Community Government

Greenway Reform and Transparency Legislation Filed by State Representative Aaron Michlewitz

Press Release from the Office of State Representative Aaron Michlewitz, January 2011. Contact Blake Webber, 617-722-2488.

State Representative Aaron Michlewitz Files Legislation Reforming Greenway
Calls for more transparency, greater role for Leadership Council

State Representative Aaron Michlewitz filed legislation this month that would change the way the Rose Kennedy Greenway Conservancy operates and how they would interact with the surrounding neighborhoods and the state. The legislationwould give the Greenway Leadership Council, a group of residents from the neighborhoods that surround the Greenway, veto power over the entire budget for Greenway Conservancy. With veto power over the budget, the funding mechanism for the Conservancy would become more of an open and transparent process involving all the parties.

“When the legislature first addressed the Greenway several years ago, our ultimate goal was to provide the best system of parks in the state, and a Conservancy that works with the neighborhoods to provide this.” Said Representative Michlewitz. “By adding a system of checks and balances to the process we not only move closer to this goal, but we do so in a more transparent way where everyone concerned will have a say in the process.”

The legislation also extends the funding agreement between the Greenway Conservancy and the Commonwealth’s Department of Transportation another five years. The current funding agreement expires at the end of June 2012. Under current law the state is obligated to fund half of the operation and maintenance budget for the Greenway Conservancy.

Representative Michlewitz added that he was eager to work with all the parties involved with the Greenway, whether it is with the Conservancy, the Leadership Council, the state Department of Transportation, the City of Boston, and the residents. “The goal is for everyone to work together to create the best possible Greenway for the residents. The only way to do that is to sit down with everyone involved and find the best solution. I look forward to continuing to do so in the coming weeks and months.”


2 Replies to “Greenway Reform and Transparency Legislation Filed by State Representative Aaron Michlewitz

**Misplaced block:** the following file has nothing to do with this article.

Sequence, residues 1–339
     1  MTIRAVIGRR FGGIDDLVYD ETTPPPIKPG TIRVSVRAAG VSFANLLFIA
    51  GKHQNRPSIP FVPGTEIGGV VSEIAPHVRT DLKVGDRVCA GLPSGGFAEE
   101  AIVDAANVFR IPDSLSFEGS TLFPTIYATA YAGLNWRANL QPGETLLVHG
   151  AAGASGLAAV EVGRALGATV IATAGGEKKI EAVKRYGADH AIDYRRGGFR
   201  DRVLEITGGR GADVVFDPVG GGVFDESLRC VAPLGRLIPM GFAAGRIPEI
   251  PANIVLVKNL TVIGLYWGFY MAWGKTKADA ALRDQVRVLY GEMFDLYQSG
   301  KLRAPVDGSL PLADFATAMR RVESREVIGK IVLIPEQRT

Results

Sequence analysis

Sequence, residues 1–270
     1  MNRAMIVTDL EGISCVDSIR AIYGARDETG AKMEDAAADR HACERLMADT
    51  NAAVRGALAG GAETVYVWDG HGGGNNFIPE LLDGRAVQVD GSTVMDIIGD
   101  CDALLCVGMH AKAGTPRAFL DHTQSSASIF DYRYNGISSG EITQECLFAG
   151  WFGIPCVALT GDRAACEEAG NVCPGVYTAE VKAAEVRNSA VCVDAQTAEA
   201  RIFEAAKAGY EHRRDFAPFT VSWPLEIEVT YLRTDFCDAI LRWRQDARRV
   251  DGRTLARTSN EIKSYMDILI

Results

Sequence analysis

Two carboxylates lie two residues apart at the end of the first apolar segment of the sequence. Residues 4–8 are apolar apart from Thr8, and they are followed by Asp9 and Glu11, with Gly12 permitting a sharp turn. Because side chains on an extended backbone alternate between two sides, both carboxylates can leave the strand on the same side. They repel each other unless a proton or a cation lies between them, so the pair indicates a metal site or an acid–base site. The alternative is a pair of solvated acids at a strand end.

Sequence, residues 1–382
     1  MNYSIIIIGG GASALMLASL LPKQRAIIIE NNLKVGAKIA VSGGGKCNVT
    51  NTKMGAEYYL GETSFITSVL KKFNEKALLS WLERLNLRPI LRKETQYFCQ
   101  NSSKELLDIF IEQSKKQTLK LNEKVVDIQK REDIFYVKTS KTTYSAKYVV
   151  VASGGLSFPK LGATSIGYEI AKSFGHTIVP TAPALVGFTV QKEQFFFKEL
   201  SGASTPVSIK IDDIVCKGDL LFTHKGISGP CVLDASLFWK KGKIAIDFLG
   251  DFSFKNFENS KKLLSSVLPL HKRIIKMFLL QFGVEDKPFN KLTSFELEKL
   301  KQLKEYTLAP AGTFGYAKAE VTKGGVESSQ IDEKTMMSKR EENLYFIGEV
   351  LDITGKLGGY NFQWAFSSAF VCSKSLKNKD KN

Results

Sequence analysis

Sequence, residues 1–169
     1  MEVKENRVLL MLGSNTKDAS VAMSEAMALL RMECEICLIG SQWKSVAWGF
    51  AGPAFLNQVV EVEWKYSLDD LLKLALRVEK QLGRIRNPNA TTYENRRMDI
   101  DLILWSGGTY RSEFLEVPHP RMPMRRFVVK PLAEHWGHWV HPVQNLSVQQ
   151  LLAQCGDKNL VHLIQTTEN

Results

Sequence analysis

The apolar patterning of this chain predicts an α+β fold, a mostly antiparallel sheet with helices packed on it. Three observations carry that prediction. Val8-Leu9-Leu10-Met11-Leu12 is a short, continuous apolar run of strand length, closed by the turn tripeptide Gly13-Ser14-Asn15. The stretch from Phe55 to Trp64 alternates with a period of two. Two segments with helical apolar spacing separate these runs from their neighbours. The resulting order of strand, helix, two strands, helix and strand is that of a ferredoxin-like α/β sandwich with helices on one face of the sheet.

1. Rep. Michlewitz continues to show great leadership for the Greenway and for his district. Thanks for taking this step toward improved governance, Aaron.

  2. 1. No one will ever get the Conservancy operators to comply with Open Meeting Law or Public Record Law requirements. That's been tried before. They formed as a 501c3 specifically to escape the public integrity and accountability laws.

    2. The so-called Leadership Council, charged with representing the public interest, is a rubber stamp; giving them a chance to vote on the budget accomplishes nothing.

    3. Management of this 10-acre sliver of park should cost no more than a couple of hundred thousand dollars a year; NYC's Central Park costs $30,000 a year per acre, and that's CENTRAL PARK! If MassDOT sought competitive bids as it should, the real cost of maintaining this park would be determined. All the rest is spent on feather-bedding, make-work, and fund-raising, including lobbying for more public money. Now the Conservancy will form a BID, a private taxation district — nothing is ever enough. (The City of Boston will also lose about $100,000 a year in property taxes, since the $3 million in BID fees will reduce the taxable net rental income of the participating commercial properties.)

    4. The Conservancy originally agreed to fund all their operations privately…but immediately, they got $10 million in public cash for "start-up." As soon as they took responsibility for actual work, that private-funding agreement was dissolved; they got themselves a special law, a land lease, and state funding for half of whatever budget they dreamed up — which was slated to bloat up to $11 million a year, over a million dollars an acre! The salaries of the administrators total about a million a year, including the Executive Director at $225,000.

    Rep. Michlewitz should be filing to terminate the Conservancy's lease when it expires in 2012, not to extend it to 2017. If this group of corporate lobbyists gets another five years to spread their tentacles, we'll never get rid of them; they'll finally get the 99-year lease they wanted in the first place, over which time they will bleed the taxpayers of hundreds of millions of dollars, while controlling the uses and users of our public land (they generously designated a few “free speech zones” for us). Tell Rep. Michlewitz, as well as Senator Sonia Chang-Diaz, to end the Conservancy, to halt this unconscionable waste of scarce public resources and intolerable privatization of the public realm.

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